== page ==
What a great weekend we had out in McKenzie County. We had several reasons to spend a day in the county – but we really only needed one. We are preparing for the February 23 Hygge and for the month-long showing some of our Beautiful Badlands images at the Long X Visitor Center.
First Stop – Poco Frio Rio
Highly motivated people braved the sub-zero temps to bicycle, snowshoe and cross-country ski the Badlands on the Maah Daah Hey Trail. Their base camp or staging area was the CCC Campground and the Long X Trail on the south side of the Little Missouri River, a couple of miles west of Highway 85. We stopped to visit, capture a little video and take a few photos.
No sad faces here. Beneath the goggles and face wraps were smiles and laughter.
Across the bridge
Next stop, the north side of the Little Missouri River and the Theodore Roosevelt National Park. It’s right across the river from where the Poco Frio Rio race was underway.
A couple of years ago as Beautiful Badlands ND was cranking up, we bought lifetime passes to National Parks. Since we spend a lot of time in the Theodore Roosevelt National Park and other national parks in the West, the expense of lifetime pass has more than paid for itself.
As it is most of the winter, the scenic road in the North Unit of the Park was not open the entire way, but we thought it might be enough to get a shot of snow-crusted bison. We got more than we expected.
They weren’t sleeping. It seems they might have been in a bit of a hurry to get somewhere else. Or the youngsters in the herd got the whole bunch to run.
For the first time ever — 20+ years of photographing bison — I got charged! And no, I do not have a photo or video of it. I was too busy running.
Yikes! Good to get too far from the Jeep! I sprinted back to the open door on the Jeep and dived inside. The bison was not interested in me and joined the herd that was crossing the road.
Long X Visitor Center
Val at the Long X Visitor Center in Watford City told us later that she’s been hearing from a lot of people who the bison in the Park are congregating near the road. So, it may be a good time for you to drive through to get up close and personal with the massive beasts – just not too close or too personal.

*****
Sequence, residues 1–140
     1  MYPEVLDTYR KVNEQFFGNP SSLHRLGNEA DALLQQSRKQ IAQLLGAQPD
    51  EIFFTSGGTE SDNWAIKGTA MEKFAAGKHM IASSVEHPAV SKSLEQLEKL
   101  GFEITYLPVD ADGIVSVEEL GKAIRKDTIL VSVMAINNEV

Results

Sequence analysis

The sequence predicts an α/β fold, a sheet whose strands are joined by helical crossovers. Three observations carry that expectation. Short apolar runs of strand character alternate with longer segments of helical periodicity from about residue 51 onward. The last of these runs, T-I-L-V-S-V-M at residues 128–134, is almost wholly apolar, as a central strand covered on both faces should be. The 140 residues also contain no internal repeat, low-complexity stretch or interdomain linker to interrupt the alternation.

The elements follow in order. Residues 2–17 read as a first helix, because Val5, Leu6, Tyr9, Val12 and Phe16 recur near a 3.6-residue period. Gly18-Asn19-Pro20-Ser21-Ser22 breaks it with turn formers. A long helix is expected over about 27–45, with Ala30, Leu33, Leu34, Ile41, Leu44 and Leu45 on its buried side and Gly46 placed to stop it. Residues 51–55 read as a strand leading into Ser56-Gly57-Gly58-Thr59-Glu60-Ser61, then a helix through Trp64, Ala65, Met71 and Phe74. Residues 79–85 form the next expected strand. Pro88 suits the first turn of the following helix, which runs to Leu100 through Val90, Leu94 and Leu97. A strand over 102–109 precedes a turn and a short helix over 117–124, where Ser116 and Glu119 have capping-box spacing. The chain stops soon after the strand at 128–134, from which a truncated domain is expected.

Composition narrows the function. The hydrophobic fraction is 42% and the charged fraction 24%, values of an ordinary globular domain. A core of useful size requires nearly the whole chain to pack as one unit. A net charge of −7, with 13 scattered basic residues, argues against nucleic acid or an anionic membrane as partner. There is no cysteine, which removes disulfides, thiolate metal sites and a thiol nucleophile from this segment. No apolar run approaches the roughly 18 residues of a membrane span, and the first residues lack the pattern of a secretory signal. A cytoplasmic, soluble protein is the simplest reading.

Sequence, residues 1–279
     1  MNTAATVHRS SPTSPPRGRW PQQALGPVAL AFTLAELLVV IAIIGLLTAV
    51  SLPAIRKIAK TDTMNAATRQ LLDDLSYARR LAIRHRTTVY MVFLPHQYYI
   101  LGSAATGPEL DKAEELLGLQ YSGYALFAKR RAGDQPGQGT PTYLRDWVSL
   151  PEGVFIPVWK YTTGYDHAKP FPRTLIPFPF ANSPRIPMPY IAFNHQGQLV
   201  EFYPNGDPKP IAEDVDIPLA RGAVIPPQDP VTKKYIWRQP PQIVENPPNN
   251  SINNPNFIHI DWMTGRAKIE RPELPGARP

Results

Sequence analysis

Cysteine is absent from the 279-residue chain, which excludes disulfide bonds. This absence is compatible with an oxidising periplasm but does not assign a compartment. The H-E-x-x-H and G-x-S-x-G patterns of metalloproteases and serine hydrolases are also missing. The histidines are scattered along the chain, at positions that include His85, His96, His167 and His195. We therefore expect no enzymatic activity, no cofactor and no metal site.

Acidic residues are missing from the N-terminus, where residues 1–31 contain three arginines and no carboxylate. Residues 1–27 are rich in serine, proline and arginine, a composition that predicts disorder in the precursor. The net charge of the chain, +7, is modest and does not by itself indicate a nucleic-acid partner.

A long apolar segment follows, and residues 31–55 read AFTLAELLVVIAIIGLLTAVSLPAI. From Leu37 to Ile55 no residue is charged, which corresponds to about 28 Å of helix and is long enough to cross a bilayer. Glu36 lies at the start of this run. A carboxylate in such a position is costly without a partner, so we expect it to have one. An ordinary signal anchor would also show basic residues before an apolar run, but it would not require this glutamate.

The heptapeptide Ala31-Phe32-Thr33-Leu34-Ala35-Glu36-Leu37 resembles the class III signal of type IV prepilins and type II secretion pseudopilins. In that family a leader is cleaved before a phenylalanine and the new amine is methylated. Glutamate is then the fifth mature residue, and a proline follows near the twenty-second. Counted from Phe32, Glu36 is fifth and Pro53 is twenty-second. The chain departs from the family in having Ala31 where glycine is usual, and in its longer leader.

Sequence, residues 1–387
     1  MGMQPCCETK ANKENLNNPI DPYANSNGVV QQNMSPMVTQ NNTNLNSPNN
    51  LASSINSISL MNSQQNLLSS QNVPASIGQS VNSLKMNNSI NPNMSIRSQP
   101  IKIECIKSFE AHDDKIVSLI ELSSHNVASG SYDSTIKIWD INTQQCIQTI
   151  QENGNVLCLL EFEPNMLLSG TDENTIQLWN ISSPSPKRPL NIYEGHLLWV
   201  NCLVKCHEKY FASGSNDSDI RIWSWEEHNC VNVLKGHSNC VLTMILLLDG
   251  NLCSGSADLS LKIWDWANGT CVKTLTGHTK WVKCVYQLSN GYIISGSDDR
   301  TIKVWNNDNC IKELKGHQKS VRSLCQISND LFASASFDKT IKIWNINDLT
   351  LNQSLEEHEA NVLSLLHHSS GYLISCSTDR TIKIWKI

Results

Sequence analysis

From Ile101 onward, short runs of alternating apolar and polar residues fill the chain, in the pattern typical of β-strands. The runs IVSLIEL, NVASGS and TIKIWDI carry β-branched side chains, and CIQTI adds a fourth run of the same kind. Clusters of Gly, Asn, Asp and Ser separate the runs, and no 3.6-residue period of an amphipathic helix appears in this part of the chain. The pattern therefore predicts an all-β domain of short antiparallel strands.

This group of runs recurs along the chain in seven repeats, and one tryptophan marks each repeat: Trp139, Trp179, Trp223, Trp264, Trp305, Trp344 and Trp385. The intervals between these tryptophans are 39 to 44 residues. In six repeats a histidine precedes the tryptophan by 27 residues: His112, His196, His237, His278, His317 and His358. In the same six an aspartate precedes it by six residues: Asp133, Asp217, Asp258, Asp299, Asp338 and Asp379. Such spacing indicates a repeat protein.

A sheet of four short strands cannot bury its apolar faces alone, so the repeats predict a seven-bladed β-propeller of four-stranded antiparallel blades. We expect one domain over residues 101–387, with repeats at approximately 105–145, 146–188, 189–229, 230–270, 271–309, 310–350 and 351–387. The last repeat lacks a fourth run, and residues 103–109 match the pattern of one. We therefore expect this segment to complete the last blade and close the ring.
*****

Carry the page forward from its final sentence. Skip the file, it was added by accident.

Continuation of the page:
We unloaded the first set of images to be displayed at the Long X Visitor Center, and then with what light was left in the day, we headed out for a back road jaunt on the Red Tail Road, west of Watford City. The road winds across the grasslands and down into the Little Missouri River Valley upstream (south) of the North Unit of the Theodore Roosevelt National Park.
This is ranch country
Cattle and horses are free to range within the perimeter fenced borders of an individual ranch. Horses were on the road, so we stopped.
What a bunch of friendly critters. They surrounded our Jeep, even stuck their heads in the vehicle to get scratched. Next time, we’re bringing apples and sugar cubes! Even the wild horses of the South Unit of the Theodore Roosevelt National Park at Medora can be curiously friendly — just not too close.
The lengthening daylight hours gave us extra time to explore where the road takes us.
We’re looking forward to stopping in to get to know the ranchers whose land borders the Little Missouri River.
Pretty Darn Quick.
Finally, as the day came to a close we headed back to civilization. The PDQ in Arnegard has attracted our attention for months. Now would be the time to check it out.
Wow. What a great surprise. We had no idea to find such good food and pleasant atmosphere as at the PDQ. Nelly waited on us and she is a great multi-tasker. She was waiting on another large family table, and keeping everyone, including us very happy. She’s worth an extra big tip.
We’ll be reviewing the PDQ in a soon-to-come post. So, add your email address in the upper right subscription box to get a note in your inbox when the story is posted. You’ll also get a free subscription to our twice-a-month newsletter. Yippee!
It’s an easy drive home from Arnegard, through Watford City and eastward. After a day like this, we sleep well, not only physically tired but mentally satisfied. Back road explorations are exciting and satisfying.
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